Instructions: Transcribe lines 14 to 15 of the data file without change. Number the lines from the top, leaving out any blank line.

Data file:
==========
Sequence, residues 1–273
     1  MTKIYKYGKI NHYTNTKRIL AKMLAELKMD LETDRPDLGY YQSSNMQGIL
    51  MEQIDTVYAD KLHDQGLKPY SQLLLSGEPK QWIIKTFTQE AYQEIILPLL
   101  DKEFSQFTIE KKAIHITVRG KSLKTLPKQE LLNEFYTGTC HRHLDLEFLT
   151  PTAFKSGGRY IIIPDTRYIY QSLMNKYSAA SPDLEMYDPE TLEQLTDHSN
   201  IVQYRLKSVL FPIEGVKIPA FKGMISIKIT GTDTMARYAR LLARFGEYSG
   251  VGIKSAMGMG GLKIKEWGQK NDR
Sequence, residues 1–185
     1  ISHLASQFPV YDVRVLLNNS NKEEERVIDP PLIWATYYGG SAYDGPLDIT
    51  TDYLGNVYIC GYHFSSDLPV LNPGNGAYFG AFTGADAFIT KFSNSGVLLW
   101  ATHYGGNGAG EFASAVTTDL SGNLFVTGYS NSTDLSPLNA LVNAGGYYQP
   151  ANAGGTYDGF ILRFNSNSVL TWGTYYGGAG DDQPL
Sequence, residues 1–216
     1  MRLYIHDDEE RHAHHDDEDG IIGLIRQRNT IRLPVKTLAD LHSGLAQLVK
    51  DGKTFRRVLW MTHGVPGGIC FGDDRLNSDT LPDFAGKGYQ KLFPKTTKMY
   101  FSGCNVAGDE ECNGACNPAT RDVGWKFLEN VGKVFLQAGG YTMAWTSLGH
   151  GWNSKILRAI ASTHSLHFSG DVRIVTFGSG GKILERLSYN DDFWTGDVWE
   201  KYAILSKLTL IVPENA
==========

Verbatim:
     1  MRLYIHDDEE RHAHHDDEDG IIGLIRQRNT IRLPVKTLAD LHSGLAQLVK
    51  DGKTFRRVLW MTHGVPGGIC FGDDRLNSDT LPDFAGKGYQ KLFPKTTKMY